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Kant and the Philosophy of MindPerception, Reason, and the Self$
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Anil Gomes and Andrew Stephenson

Print publication date: 2017

Print ISBN-13: 9780198724957

Published to Oxford Scholarship Online: July 2017

DOI: 10.1093/oso/9780198724957.001.0001

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Can’t Kant Cognize Himself? Or, a Problem for (Almost) Every Interpretation of the Refutation of Idealism

Can’t Kant Cognize Himself? Or, a Problem for (Almost) Every Interpretation of the Refutation of Idealism

Chapter:
(p.138) 8 Can’t Kant Cognize Himself? Or, a Problem for (Almost) Every Interpretation of the Refutation of Idealism
Source:
Kant and the Philosophy of Mind
Author(s):

Andrew Chignell

Publisher:
Oxford University Press
DOI:10.1093/oso/9780198724957.003.0008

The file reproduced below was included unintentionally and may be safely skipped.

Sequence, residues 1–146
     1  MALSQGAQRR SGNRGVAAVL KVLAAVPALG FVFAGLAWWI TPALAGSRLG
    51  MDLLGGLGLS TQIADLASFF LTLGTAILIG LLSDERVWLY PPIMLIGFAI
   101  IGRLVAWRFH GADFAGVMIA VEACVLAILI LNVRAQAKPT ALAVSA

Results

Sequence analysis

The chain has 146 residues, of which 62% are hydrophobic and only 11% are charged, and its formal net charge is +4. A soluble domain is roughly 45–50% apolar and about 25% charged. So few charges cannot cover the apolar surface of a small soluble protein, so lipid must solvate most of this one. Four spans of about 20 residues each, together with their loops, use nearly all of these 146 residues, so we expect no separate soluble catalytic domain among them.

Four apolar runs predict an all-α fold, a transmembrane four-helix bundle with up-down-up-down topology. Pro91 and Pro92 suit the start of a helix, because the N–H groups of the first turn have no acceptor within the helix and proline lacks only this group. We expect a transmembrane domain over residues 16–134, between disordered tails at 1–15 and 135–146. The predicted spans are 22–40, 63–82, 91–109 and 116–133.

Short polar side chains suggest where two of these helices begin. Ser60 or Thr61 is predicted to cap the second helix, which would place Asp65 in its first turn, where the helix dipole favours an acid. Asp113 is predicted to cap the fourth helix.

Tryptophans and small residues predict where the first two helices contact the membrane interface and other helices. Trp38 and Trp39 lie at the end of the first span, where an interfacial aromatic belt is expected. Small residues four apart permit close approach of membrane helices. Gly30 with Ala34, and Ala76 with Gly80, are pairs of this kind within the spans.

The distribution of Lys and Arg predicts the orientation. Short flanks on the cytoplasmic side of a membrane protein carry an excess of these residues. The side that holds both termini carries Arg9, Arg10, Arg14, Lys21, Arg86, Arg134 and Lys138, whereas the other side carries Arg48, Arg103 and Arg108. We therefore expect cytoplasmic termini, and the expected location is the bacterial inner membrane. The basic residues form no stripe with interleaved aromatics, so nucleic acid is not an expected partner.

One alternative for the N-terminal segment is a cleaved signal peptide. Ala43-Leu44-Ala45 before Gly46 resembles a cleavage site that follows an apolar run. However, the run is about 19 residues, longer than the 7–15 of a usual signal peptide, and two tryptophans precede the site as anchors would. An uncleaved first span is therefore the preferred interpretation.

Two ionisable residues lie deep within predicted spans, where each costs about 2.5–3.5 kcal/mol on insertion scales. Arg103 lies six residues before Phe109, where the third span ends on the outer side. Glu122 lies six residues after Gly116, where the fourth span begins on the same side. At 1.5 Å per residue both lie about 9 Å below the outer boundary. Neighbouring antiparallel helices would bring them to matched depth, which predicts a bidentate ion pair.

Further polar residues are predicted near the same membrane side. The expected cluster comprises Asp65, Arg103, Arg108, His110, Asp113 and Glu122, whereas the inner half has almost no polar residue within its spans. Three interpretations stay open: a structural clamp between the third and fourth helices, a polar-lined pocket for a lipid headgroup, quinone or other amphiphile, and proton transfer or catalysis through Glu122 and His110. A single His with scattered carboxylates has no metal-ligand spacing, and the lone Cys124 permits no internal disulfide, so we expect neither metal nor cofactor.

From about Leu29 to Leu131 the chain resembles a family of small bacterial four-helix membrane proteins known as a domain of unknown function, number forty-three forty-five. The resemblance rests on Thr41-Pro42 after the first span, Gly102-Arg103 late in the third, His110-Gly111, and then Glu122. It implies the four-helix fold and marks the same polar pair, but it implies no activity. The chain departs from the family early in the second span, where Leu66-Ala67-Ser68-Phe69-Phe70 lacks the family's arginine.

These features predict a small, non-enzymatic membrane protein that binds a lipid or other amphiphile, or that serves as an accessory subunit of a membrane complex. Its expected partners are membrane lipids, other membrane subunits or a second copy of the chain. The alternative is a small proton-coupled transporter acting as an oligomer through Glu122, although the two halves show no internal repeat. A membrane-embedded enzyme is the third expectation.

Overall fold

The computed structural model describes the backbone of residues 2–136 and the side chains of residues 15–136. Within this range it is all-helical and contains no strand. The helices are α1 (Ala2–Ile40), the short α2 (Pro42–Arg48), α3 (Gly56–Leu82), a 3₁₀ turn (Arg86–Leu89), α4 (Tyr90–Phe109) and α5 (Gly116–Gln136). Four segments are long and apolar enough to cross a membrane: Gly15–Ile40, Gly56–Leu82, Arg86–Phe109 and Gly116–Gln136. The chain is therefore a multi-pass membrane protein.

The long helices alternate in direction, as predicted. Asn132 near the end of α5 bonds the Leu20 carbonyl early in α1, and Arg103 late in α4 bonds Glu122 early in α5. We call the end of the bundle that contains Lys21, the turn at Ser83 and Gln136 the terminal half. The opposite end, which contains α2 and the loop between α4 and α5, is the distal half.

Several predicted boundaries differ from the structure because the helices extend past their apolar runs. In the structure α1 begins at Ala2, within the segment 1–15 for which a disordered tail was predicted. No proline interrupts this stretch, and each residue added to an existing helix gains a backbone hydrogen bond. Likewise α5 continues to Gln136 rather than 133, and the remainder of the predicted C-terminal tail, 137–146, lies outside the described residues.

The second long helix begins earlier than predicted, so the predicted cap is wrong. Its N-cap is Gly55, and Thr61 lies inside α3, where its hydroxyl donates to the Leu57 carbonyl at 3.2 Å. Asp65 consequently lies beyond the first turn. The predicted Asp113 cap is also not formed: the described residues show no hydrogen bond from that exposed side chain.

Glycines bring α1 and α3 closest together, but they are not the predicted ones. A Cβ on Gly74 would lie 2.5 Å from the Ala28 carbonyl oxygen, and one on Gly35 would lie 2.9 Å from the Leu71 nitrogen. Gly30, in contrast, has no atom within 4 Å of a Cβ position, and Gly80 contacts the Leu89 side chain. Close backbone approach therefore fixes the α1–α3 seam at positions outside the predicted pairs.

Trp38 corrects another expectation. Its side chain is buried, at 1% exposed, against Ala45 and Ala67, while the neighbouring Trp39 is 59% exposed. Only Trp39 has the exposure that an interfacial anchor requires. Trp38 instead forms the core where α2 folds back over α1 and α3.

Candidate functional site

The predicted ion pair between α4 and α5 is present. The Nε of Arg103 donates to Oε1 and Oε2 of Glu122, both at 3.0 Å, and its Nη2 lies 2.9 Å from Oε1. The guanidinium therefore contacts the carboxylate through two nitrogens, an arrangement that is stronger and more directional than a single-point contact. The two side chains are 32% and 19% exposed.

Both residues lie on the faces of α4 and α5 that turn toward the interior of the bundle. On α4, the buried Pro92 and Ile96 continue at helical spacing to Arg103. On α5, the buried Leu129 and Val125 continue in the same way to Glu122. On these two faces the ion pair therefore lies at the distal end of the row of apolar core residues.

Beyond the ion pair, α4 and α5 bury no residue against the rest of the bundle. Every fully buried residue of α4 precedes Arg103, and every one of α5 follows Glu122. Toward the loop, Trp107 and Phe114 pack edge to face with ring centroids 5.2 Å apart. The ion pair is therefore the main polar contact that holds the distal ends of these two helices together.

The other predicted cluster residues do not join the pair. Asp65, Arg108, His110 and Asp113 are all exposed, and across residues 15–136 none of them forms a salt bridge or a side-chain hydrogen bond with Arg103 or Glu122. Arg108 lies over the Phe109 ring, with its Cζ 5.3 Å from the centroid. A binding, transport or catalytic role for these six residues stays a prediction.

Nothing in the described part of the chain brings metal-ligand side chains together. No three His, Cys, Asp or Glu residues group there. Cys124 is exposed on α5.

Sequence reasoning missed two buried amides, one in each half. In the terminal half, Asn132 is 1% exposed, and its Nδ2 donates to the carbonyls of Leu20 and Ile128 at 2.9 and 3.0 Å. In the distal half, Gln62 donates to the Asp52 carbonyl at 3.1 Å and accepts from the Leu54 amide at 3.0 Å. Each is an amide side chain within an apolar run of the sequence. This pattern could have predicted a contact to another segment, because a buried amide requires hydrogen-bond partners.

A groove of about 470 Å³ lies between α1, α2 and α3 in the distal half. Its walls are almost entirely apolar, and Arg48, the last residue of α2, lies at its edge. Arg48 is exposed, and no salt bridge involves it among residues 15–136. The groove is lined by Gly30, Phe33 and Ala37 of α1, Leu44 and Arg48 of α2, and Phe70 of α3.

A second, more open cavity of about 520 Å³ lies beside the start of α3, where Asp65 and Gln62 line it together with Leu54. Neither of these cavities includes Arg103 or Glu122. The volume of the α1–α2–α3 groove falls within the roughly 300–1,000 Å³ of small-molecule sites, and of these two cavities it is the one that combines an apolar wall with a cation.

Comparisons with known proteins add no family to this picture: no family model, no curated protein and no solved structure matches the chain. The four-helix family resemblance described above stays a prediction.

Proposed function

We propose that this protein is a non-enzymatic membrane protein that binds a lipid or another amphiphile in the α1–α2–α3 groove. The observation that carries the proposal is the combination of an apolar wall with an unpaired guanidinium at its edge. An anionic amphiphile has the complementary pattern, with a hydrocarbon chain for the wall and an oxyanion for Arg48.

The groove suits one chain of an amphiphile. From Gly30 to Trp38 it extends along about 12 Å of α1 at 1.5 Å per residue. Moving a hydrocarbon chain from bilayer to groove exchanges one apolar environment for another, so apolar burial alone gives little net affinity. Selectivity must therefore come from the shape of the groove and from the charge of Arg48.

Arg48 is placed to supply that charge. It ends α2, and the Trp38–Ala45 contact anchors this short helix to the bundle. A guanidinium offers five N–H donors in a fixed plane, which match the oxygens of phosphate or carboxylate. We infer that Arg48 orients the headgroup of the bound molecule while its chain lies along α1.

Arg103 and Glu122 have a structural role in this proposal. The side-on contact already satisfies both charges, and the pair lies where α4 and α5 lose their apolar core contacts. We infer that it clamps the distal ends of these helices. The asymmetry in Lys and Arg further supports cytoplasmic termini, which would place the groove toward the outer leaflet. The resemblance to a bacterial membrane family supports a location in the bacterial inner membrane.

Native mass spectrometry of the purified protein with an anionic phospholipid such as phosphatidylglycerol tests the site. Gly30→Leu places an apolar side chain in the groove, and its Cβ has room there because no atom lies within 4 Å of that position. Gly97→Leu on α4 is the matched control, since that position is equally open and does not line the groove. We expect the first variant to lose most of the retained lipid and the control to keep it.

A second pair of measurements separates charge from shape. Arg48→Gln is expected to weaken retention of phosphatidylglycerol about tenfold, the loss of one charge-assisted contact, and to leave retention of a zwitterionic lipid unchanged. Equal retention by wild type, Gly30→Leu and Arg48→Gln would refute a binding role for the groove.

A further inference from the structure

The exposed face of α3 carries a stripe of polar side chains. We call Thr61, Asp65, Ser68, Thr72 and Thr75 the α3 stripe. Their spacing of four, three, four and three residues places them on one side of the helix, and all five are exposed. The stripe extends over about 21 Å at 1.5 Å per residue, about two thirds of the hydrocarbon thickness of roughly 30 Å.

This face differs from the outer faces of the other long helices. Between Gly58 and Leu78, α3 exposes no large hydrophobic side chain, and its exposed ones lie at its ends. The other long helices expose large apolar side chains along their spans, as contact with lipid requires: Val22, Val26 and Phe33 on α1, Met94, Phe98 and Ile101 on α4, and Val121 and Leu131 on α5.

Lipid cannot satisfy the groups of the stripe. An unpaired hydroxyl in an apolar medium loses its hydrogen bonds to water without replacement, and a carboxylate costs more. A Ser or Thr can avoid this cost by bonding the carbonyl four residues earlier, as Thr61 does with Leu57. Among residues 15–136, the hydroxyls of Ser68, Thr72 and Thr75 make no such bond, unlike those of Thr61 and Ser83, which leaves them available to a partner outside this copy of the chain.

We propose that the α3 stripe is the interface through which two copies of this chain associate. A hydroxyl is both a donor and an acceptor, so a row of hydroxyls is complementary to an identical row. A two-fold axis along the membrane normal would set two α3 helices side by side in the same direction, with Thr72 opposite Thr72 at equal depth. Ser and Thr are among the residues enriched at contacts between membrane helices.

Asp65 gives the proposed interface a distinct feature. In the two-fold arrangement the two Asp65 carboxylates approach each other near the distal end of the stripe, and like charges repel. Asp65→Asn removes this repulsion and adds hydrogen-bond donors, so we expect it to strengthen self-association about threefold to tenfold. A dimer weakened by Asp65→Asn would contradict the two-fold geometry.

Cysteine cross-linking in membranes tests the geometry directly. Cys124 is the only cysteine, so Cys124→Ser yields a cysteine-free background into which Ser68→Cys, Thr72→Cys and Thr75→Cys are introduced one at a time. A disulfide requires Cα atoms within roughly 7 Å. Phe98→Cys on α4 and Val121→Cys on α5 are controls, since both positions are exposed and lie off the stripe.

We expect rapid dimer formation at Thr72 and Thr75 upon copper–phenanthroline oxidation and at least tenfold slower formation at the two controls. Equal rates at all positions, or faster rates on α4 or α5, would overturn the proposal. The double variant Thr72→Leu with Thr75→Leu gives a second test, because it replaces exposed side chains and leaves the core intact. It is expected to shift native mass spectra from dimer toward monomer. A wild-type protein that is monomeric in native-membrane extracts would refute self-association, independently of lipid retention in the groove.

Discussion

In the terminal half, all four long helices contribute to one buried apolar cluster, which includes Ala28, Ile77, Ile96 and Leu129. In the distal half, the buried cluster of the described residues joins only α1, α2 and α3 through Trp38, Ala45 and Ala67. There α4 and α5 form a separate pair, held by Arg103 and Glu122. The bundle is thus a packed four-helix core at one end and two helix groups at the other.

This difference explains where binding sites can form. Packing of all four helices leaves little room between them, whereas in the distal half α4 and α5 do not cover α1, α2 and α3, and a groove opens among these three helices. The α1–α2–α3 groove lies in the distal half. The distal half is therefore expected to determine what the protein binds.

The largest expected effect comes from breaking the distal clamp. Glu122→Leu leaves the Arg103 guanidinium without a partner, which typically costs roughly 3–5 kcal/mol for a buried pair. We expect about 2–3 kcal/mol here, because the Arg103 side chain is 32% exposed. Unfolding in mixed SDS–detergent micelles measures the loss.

Kant seems to think of our own mental states or representations as the primary objects of inner sense. But does he think that these states also inhere in something? And, if so, is that something an empirical substance that is also cognized in inner sense? This chapter provides textual and philosophical grounds for thinking that, although Kant may agree with Hume that the self is not ‘given’ in inner sense exactly, he does think of the self as cognized through inner sense. It is also argued that he both does and ought to regard this self as an empirical substance in which our changing representations inhere. In the second part of the chapter it is suggested that, if this is correct, it poses a significant problem for most of the leading interpretations of Kant’s anti-sceptical argument in the Refutation of Idealism.

Keywords:   Kant, inner sense, self, self-knowledge, scepticism, self-consciousness, introspection, idealism

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